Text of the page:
In this paper, I shall discuss linguistic biographies of the Nivkh and Uilta peoples on Sakhalin. The data of this paper consist of interviews in Russian, which were conducted with both Nivhks and Uiltas in August 2014. Questions of the interviews followed a semi-structured pattern. The linguistic situation on Sakhalin is poor with reference to indigenous languages. Although according to the Russian Census in 2010, there are over 4,500 ethnic Nivkhs in the Russian Federation, the number of native speakers is low. The number of ethnic Uiltas and Uilta speakers is even lower. In many cases, the language shift to Russian was induced in the 60’s and 70’s when children were taken from their parents and were forced to live in boarding schools. This led to a breakdown in the language maintenance. In addition, the dissipation of traditional livelihoods (for example, reindeer herding and fishing) together with unemployment problems has led to linguisticide. Many informants acknowledge the importance of the national native language but they do not have means to reverse the progression or the regional legislation does not make possible the use of indigenous languages in education.
Meteorological expressions in Nivkh
One would expect to find an abundant amount of different expressions decribing the weather conditions in the Sakhalin island, as the climat offers much variation. Summers are fairly cool and foggy with little sunshine, and winters are very snowy and cold. It rains a lot through all year with a peak in the autumn. Besides that, it seems to be that there is always a reason to talk and mostly complain about the weather. Meteorological expressions constitute an important feature of the vocabulary of gatherers, hunters, fishermen, reindeer-breeders, and farmers. At the same time, meteorological vocabulary is inclined to change, especially when the language community stops being monolingual, as has been noticed in Uralic languages. Bilingual individuals easily import words and structures from other languages.
However, the aboriginals of Sakhalin have moved already to the next stage, they use only seldom the native tongues of their parents and grandparents. What is mostly left of the vobulary, are some basic words used when eating and drinking, which could be called “kitchen talk”, consisting often of short commands and nouns. In August 2014 in Sakhalin I interviewed many ethnic Nivkhs of various ages, of which only some elderly ladies were able to produce weather expressions. In that material, at least one sentence type (SV) is common, e.g. k’eŋ rad’ ‘the sun is shining’, la t’eǥd’ ‘the wind is blowing’, li̮x ki̮d’ ‘it’s raining’, ŋak,ř ki̮d’ ‘it’s snowing’, li̮j tid’ ‘it’s thundering’.
Observations on the use of Nivkh numeral classifiers
In my presentation, I will discuss the consequences of language attrition to the use of Nivkh (Paleosiberian) numeral classifiers. Classifiers are grammatical noun categorization devices that classify the objects expressed by nouns according to different semantic parameters, such as animacy, physical properties and functional properties (Gil 2013). In Nivkh, the original classifier system which was still in function more than seventy years ago comprised thirty-three numeral classifiers. There were thirteen specific classifiers for culturally specific objects, eight categorical classifiers for animate and inanimate entities, the generic classifier, as well as seven quantitative and four extensional classifiers for measuring quantity and size of objects (Gruzdeva 2004). Due to language attrition, the amount of Nivkh numeral classifiers has become radically reduced, with the generic classifier replacing the more specific classifiers. However, the speakers still remember some of the categorical classifiers, notably those for animate entities. Based on the interviews conducted during the Sakhalin-Hokkaido fieldtrip 2014 (together with Merja Salo), I will explore the current use of Nivkh numeral classifiers, as well as differences between the speakers of different dialects.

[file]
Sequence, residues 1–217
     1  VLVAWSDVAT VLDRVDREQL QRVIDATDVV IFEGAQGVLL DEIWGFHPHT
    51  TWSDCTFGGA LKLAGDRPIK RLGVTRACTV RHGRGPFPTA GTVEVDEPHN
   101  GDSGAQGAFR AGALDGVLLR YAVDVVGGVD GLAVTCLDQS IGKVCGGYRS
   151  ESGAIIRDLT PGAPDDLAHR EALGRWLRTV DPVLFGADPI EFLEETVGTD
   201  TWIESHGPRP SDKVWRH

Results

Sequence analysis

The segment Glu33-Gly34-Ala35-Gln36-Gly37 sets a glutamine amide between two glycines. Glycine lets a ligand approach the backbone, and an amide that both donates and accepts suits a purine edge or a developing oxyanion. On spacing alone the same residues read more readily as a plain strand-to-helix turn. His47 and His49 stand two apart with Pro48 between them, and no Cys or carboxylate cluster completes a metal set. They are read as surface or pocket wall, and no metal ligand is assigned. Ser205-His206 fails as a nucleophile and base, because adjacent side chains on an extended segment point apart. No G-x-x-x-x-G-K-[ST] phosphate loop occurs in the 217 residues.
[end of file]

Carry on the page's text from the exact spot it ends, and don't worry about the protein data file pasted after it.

Gil, David 2013. Numeral classifiers. In Matthew S Dryer. & Martin Haspelmath (eds.) The World Atlas of Language Structures Online. Leipzig: Max Planck Institute for Evolutionary Anthropology. (Available online at http://wals.info/chapter/55, Accessed on 2014-06-11.)
Gruzdeva, Ekaterina 2004. Numeral classifiers in Nivkh. In Alexandra Y. Aikhenvald (ed.) Language typology and universals. Nominal classification. Sprachtypologie und Universalienforschung 57 (2/3): 300-329.
Participial relative clauses in Sakhalin languages
Of the four indigenous languages spoken today on the Sakhalin island, Evenki, Nanai and Uilta belong to the Tungusic language family, thereby it is natural that relative clauses (RCs) in all three of them belong to the so called participial prenominal type described by Lehmann (1984,1986). This type is known to be the dominant one in North Asia, cf. Pakendorf (2012), and not solely among genetically related languages. Nivkh, which is considered a language isolate, also shares this feature, although in a distinct way. Unlike in Tungusic languages, in Nivkh there is no specialized nonfinite verb form that would be characteristic of RCs. Instead, the RC predicate is simply restricted from taking the indicative marker, and it forms a nominal complex with the modified noun. The whole clause thus becomes desententialized and nominalized in the sense of Lehmann (1988). At the same time, this relativization system is quite close to that of Japanese and Ainu, two other languages that had been in contact with Nivkh for several centuries. The lack of the indicative affix on the RC predicate functions as an overt morphosyntactic marker of nonfiniteness, similarly to the politeness markers in Japanese, cf. Bisang (2007). Therefore, although Nivkh RCs belong to a broadly defined North Asian type, they constitute a clear intermediate between the prototypical participial RCs of the Tungusic (Altaic) type and the Japanese type, sharing some remarkable features with both of them.
Bisang, W. 2007. Categories that make finiteness: discreteness from a functional perspective and some of its repercussions. In: I. Nikolaeva (ed.). Finiteness: theoretical and empirical foundations. Oxford: OUP. 115–137.
Lehmann, C. 1984. Der Relativsatz. Tübingen: Gunther Narr.
Lehmann, C. 1986. On the typology of relative clauses. Linguistics, 24. 663–680.
Lehmann, C. 1988. Towards a typology of clause linkage. In: Haiman, J. & S.A. Thompson (eds.). Clause combining in grammar and discourse. Amsterdam & Philadelphia: J. Benjamins (Typological Studies in Language, 18). 181–225.
Pakendorf, B. 2012. Patterns of relativization in North Asia: Towards a refined typology of prenominal participial relative clauses. In: Gast, V. & H. Diessel (eds.). Clause Linkage in CrossLinguistic Perspective. Berlin: de Gruyter. 253‒283.